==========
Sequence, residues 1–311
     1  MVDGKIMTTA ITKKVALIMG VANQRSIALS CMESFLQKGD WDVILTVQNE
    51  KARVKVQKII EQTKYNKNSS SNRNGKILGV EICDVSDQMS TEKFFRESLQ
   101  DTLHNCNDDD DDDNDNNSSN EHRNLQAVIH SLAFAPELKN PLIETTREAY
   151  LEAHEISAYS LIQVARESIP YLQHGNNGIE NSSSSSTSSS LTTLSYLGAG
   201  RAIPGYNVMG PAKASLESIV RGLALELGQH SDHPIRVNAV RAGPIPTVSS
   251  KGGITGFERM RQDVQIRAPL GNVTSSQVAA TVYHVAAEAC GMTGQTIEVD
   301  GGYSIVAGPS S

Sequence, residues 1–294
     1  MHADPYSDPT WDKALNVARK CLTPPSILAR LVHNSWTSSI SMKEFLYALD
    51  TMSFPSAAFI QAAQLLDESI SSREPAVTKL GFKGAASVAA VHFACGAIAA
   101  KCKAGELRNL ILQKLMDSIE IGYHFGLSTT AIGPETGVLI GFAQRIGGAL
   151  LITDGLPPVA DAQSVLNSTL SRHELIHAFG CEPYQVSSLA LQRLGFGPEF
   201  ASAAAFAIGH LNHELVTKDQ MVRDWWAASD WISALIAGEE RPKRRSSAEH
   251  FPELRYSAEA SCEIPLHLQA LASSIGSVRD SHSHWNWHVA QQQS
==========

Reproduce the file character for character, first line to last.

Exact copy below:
Sequence, residues 1–311
     1  MVDGKIMTTA ITKKVALIMG VANQRSIALS CMESFLQKGD WDVILTVQNE
    51  KARVKVQKII EQTKYNKNSS SNRNGKILGV EICDVSDQMS TEKFFRESLQ
   101  DTLHNCNDDD DDDNDNNSSN EHRNLQAVIH SLAFAPELKN PLIETTREAY
   151  LEAHEISAYS LIQVARESIP YLQHGNNGIE NSSSSSTSSS LTTLSYLGAG
   201  RAIPGYNVMG PAKASLESIV RGLALELGQH SDHPIRVNAV RAGPIPTVSS
   251  KGGITGFERM RQDVQIRAPL GNVTSSQVAA TVYHVAAEAC GMTGQTIEVD
   301  GGYSIVAGPS S

Sequence, residues 1–294
     1  MHADPYSDPT WDKALNVARK CLTPPSILAR LVHNSWTSSI SMKEFLYALD
    51  TMSFPSAAFI QAAQLLDESI SSREPAVTKL GFKGAASVAA VHFACGAIAA
   101  KCKAGELRNL ILQKLMDSIE IGYHFGLSTT AIGPETGVLI GFAQRIGGAL
   151  LITDGLPPVA DAQSVLNSTL SRHELIHAFG CEPYQVSSLA LQRLGFGPEF
   201  ASAAAFAIGH LNHELVTKDQ MVRDWWAASD WISALIAGEE RPKRRSSAEH
   251  FPELRYSAEA SCEIPLHLQA LASSIGSVRD SHSHWNWHVA QQQS